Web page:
The teams will be responsible for the day-to-day operations. Technology team will manage the iPad cart, wireless keyboards, headsets, conduct app research and troubleshoot. Logistics team will manage supplies, resources and schedule. Development team is tasked with project planning to meet standards and creating assessments. Creative team will develop presentations for stakeholders, promote the brand, and provide communications support. Finally, the audit team will be in charge of reviewing assessments, quality control and maintaining standards and practices. Students will be tasked with running the company to meet the objectives developed collaboratively. Sounds crazy, I know.

What about parents?

Here's the description I'm sending to parents.

Over the summer, I conducted research on creating a “start-up” mindset in a classroom. This mindset is centered on three ideas. First, the environment should be conducive to risk-taking, innovation and creativity. It should promote problem – solving and not focus on being first with the correct answer. In fact, it should embrace the wrong answer as the jumping off point for discussion, collaboration and learning. An entrepreneurial classroom is a safe place to make mistakes and learn from them.

The second idea involves ownership. In an entrepreneurial classroom, students take ownership for not only classroom supplies, behavior and consequences, but also for the creation of consequences, assessments, scheduling (to the extent possible), learning opportunities, content, and assessment data. They will be directly involved in the operation of the classroom and held accountable for decisions. There won’t be any surprises; students will know what is expected of them because they created the expectations.

Finally, the third idea revolves around non-academic skills necessary for success. Research shows that grit, perseverance, resiliency, empathy, curiosity and character affect student success to a large degree. Students who have learned to be optimistic and conscientious care more about how they are doing, are better able to accept criticism, and overcome real or perceived obstacles more easily. In his book, How Children Succeed, Paul Tough compiles research from a variety of sources to argue that non-academic skills benefit children across the socio-economic spectrum. In an entrepreneurial classroom, "soft skills" are an essential part of the curriculum.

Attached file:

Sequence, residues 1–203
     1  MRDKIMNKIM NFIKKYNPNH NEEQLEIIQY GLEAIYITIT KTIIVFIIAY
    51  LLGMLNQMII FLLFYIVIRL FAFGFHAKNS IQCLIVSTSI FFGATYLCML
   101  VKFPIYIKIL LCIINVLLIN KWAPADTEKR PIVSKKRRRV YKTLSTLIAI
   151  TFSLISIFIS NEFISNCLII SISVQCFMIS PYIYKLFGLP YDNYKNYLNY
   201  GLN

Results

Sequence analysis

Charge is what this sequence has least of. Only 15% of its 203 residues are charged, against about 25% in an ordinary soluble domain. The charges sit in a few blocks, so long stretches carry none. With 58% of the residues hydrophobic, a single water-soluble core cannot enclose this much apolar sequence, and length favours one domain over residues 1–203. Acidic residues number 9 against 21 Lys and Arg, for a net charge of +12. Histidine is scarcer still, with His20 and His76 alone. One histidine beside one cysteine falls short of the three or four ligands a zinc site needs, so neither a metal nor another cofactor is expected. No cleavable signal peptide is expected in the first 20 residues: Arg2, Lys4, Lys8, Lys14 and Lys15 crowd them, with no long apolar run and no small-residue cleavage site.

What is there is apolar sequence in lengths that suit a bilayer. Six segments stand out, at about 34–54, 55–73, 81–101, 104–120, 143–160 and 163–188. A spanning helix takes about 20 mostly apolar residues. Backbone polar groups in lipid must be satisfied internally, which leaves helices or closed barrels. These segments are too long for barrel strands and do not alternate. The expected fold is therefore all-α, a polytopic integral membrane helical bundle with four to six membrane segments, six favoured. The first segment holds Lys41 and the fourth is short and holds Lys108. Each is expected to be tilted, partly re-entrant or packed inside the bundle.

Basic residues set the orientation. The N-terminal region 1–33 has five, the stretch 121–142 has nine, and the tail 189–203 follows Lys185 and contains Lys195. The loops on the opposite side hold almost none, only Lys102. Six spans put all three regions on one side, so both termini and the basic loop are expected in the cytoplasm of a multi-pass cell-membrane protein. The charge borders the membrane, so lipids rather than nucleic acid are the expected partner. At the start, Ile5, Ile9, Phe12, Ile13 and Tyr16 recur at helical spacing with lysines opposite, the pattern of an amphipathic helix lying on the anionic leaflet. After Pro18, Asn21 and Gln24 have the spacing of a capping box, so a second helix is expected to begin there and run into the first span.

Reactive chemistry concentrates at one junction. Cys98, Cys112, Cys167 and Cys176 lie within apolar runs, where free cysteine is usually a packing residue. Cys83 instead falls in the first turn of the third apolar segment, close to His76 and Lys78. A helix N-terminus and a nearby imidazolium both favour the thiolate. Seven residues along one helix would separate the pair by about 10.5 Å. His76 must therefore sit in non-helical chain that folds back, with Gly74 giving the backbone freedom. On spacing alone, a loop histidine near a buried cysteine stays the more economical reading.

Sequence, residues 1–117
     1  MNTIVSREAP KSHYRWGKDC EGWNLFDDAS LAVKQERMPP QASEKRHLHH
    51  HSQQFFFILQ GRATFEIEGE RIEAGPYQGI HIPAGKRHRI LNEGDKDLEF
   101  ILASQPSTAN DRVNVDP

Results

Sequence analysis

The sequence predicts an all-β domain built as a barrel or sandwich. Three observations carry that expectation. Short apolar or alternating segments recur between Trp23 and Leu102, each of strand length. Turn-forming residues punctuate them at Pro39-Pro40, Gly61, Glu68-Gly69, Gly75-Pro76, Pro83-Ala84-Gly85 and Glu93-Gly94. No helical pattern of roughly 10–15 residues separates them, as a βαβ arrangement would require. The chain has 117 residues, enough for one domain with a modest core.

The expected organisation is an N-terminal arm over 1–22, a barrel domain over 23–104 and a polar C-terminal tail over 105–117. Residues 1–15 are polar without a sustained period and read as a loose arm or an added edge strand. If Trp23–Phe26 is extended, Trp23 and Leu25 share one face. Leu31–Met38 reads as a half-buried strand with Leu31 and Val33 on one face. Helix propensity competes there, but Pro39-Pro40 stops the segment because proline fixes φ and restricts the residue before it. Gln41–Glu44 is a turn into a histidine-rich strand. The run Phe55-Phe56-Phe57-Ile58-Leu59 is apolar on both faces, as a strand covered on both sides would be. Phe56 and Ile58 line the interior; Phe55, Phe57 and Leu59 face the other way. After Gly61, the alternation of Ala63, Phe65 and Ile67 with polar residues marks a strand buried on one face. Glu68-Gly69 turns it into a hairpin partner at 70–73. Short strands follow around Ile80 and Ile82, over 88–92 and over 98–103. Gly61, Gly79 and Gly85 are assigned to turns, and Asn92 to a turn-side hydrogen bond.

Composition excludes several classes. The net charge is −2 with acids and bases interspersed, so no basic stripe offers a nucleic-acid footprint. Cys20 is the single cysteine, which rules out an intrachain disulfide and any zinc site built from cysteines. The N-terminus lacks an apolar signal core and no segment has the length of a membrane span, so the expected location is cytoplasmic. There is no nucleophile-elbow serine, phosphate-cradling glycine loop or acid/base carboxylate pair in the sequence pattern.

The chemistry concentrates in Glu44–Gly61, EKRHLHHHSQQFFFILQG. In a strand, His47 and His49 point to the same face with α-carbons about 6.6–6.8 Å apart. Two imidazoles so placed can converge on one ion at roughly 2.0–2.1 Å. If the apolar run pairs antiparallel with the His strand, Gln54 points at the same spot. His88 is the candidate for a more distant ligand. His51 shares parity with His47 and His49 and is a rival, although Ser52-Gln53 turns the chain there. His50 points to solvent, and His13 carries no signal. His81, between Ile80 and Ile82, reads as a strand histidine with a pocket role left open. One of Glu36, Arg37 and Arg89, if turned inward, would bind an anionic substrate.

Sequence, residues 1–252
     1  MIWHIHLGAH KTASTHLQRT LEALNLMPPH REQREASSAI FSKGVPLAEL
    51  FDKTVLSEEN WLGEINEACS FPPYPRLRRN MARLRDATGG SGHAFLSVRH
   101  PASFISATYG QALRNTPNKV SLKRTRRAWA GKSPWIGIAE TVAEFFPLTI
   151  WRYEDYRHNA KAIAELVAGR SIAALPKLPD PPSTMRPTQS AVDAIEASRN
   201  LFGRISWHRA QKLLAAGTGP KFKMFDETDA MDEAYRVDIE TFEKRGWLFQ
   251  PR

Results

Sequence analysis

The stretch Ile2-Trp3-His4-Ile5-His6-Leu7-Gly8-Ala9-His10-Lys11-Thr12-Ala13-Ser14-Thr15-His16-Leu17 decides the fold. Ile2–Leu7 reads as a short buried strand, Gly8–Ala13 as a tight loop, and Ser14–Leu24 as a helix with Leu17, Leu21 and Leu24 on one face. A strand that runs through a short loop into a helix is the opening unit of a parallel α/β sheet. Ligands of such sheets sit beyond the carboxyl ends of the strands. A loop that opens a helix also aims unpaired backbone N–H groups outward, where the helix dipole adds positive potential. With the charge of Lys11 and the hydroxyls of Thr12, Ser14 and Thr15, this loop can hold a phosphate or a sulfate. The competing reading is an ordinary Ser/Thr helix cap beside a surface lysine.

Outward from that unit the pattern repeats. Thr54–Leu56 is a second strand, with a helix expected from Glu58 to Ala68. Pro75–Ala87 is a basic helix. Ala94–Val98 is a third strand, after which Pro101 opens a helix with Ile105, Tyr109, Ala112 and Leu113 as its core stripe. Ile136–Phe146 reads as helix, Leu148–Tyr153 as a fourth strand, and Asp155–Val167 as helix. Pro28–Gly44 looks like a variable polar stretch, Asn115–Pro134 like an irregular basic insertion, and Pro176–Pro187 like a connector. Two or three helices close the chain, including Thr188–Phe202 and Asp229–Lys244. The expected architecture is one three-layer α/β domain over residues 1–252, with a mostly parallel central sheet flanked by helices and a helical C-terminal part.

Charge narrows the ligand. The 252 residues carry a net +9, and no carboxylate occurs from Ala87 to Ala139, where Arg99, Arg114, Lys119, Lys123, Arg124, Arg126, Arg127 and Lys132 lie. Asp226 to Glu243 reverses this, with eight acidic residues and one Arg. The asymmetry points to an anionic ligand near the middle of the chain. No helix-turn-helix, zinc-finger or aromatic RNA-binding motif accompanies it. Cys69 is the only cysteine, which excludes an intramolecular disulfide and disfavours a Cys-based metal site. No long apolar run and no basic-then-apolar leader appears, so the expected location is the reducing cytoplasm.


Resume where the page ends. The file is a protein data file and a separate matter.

Company Stock Certificate


Just giving the kids jobs doesn't promote ownership to the extent I'm trying to achieve. I want "buy-in", "what-ever-it-takes", "skin-in-the-game" ownership. To do this I've created shares of stock in the company. The value of each child's shares is equal to their scaled score on a standard assessment. Each child will know the number of shares they own. The only public number will be the number of shares in aggregate.

This was the most difficult aspect for me, since I'm not a big fan of standardized tests. But I do like data when it's meaningful, consistent and used to inform. To paraphrase Sir Ken Robinson, standardized assessments have a purpose. When you want to compare something on an objective measure, then some form of standardized comparison tool is necessary. I needed an objective valuation model to make this work.

I will hold a bi-weekly performance review with each child on Friday to review their work, data and set goals for the next period. These meetings will also be a time for the child to reflect on how and what they are doing, and for me to get in some quality one-on-one time with each student, perform authentic assessments, and connect. In keeping with the entrepreneural spirit, Friday will also be 20% Time/Genius Hour all day long. Due to the success of  Genius Hour last year, I'm going all in and committing 20% of the week to student exploration of their own passions. 

That's the plan. I feel pretty good about it. I'll let you know how it works.